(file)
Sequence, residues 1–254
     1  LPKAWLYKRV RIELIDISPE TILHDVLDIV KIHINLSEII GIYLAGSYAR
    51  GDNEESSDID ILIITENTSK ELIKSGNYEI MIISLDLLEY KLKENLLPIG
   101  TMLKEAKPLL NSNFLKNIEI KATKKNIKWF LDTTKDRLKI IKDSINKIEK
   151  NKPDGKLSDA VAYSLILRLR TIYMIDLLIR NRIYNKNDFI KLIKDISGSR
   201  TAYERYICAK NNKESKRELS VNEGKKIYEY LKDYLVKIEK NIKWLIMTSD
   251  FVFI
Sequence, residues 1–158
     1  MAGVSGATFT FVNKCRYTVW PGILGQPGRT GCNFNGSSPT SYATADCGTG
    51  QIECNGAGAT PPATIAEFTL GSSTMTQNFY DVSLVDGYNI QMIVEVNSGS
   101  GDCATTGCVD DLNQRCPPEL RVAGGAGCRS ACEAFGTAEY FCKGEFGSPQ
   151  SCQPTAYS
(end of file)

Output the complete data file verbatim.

Sequence, residues 1–254
     1  LPKAWLYKRV RIELIDISPE TILHDVLDIV KIHINLSEII GIYLAGSYAR
    51  GDNEESSDID ILIITENTSK ELIKSGNYEI MIISLDLLEY KLKENLLPIG
   101  TMLKEAKPLL NSNFLKNIEI KATKKNIKWF LDTTKDRLKI IKDSINKIEK
   151  NKPDGKLSDA VAYSLILRLR TIYMIDLLIR NRIYNKNDFI KLIKDISGSR
   201  TAYERYICAK NNKESKRELS VNEGKKIYEY LKDYLVKIEK NIKWLIMTSD
   251  FVFI
Sequence, residues 1–158
     1  MAGVSGATFT FVNKCRYTVW PGILGQPGRT GCNFNGSSPT SYATADCGTG
    51  QIECNGAGAT PPATIAEFTL GSSTMTQNFY DVSLVDGYNI QMIVEVNSGS
   101  GDCATTGCVD DLNQRCPPEL RVAGGAGCRS ACEAFGTAEY FCKGEFGSPQ
   151  SCQPTAYS